Paris is a delectably historical city that will never leave a weekend trip planner disappointed. I wanted to explore a castle within the city lines, perhaps lesser known than other French castles that come to mind. So after some research I found myself getting out of the metro Line 1 at the Château de Vincennes station and walking to the Château de Vincennes.
Arriving before noon, the grounds are almost deserted and the surrounding quiet easily transports one’s thoughts in to wondering about what it was like to walk here centuries ago. Though smaller and at first glance understandably more modest than the spacious splendour of the palace grounds in Versailles, the Château de Vincennes is steeped in history dating all the way back to the French kings of the 14th century. Several kings were married and died at this Château. Perhaps a little known fact is that it counts among the best-preserved medieval castles in Europe.
Vincennes used to be a town and later became a suburb of Paris as the city expanded. In its early beginnings as a hunting lodge the castle was surrounded by forest. As you walk through the courtyard, the eye immediately registers the symmetry of the architectural layout, and the components that made the Chateau a small world onto itself, as medieval castles were apt to be. On the left stands the Sainte-Chapelle de Vincennes, with it’s vast interior and stained glass windows from the 16th century. The middle section of the grounds is currently not accessible to visitors, but if you proceed inside the donjon on the right, you will arrive at a good observation point and see two manors facing each other at opposite ends of a lawn. One was for Queen Anne of Austria and the other for Cardinal Mazarin, the successor of Cardinal Richelieu. I am feeling a strong urge to re-read a Alexandre Dumas novel.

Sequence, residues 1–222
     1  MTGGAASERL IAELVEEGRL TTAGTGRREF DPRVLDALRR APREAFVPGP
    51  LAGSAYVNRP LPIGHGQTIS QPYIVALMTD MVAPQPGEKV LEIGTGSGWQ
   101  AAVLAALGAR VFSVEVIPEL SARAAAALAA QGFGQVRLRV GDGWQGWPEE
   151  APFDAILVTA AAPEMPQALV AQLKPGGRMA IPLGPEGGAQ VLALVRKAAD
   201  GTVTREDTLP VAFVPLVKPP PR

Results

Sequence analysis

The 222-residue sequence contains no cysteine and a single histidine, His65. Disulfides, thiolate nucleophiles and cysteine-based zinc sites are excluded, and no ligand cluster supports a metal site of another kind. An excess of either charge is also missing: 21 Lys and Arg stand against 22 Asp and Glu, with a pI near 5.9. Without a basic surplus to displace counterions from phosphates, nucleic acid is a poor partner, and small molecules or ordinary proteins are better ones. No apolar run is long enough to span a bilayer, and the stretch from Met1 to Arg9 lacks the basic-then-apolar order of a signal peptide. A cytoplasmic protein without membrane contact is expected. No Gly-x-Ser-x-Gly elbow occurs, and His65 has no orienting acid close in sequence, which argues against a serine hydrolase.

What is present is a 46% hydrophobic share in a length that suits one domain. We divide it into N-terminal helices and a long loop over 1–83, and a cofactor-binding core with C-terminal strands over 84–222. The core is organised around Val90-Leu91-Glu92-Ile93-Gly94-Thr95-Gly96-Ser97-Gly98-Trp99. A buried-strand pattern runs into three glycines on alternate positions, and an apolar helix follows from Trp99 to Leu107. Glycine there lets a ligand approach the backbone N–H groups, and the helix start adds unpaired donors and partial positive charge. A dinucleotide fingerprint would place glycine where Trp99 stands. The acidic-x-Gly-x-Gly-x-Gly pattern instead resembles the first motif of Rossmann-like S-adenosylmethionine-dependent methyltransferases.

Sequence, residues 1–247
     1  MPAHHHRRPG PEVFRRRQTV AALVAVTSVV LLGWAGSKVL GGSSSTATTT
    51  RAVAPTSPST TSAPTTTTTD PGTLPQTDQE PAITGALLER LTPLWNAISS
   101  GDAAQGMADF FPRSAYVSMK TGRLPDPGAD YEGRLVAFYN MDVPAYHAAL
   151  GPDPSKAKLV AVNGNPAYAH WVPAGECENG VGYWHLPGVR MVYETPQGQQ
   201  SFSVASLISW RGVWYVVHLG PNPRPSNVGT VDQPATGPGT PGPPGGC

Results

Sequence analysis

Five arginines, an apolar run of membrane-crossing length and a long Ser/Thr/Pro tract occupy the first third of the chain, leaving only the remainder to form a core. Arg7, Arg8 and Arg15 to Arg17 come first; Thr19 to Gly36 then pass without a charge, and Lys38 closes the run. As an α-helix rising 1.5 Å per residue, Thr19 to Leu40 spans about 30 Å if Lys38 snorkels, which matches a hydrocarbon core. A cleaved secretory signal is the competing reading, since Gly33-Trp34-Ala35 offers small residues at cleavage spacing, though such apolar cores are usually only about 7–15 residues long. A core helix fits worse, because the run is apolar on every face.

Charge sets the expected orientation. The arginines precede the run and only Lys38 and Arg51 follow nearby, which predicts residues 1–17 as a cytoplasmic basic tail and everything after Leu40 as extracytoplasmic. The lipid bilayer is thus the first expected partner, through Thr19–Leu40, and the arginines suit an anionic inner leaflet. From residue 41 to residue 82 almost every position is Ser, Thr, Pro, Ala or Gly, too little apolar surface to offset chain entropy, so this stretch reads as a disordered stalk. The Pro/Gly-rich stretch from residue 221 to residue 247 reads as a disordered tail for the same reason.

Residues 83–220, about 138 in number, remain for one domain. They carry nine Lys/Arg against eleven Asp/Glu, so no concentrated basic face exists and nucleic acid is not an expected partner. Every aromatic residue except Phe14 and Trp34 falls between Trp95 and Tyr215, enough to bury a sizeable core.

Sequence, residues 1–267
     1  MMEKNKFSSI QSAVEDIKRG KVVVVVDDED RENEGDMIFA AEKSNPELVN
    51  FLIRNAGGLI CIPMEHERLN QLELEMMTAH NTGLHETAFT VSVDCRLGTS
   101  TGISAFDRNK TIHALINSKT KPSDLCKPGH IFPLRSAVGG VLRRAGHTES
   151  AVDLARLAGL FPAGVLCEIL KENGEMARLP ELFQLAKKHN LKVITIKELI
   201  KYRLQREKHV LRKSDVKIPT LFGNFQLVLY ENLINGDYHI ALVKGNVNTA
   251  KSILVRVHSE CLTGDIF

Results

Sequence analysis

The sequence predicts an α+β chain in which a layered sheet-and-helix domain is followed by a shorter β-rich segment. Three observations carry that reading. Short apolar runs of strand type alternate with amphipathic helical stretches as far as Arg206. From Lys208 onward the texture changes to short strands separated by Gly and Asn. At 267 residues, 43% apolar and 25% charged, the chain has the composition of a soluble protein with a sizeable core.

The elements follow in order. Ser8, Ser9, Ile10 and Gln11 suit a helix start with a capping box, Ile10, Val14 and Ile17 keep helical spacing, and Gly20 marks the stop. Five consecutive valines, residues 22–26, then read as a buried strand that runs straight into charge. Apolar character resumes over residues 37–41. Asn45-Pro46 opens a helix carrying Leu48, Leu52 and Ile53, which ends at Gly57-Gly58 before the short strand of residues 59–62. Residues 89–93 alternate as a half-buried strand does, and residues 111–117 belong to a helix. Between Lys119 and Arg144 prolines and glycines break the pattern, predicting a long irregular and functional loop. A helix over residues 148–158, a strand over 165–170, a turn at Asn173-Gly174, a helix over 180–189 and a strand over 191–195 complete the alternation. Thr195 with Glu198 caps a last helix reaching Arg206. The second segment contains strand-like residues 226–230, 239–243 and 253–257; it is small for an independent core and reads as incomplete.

The Chateau did not get to be the main royal residence it was intended to be, becoming overshadowed by Versailles, but it continued to exist and crop up during various historical events in France. Becoming a state prison in the 18th century, it also saw a fair share of notable names within its walls. One disturbing example includes Marquis de Sade.
The walk around the donjon leads to various rooms which are now empty, but the vivid desription boards conjure mental images, and just touching the century-old walls makes goosebumps crawl along your skin. Childhood memories of a favourite book about medieval castles come back as I register familiar points that lead to thinking what life was like for inhabitants of these structures: small, high-placed windows with wooden shutters, high ceilings, stone walls and narrow doorways.
A few minutes of careful ascending of the expected spiral staircase of the 52 meter tall donjon leads to the top, from where you see grounds and the city beyond, contrasting sharply with this almost intact remainder of history from centuries gone.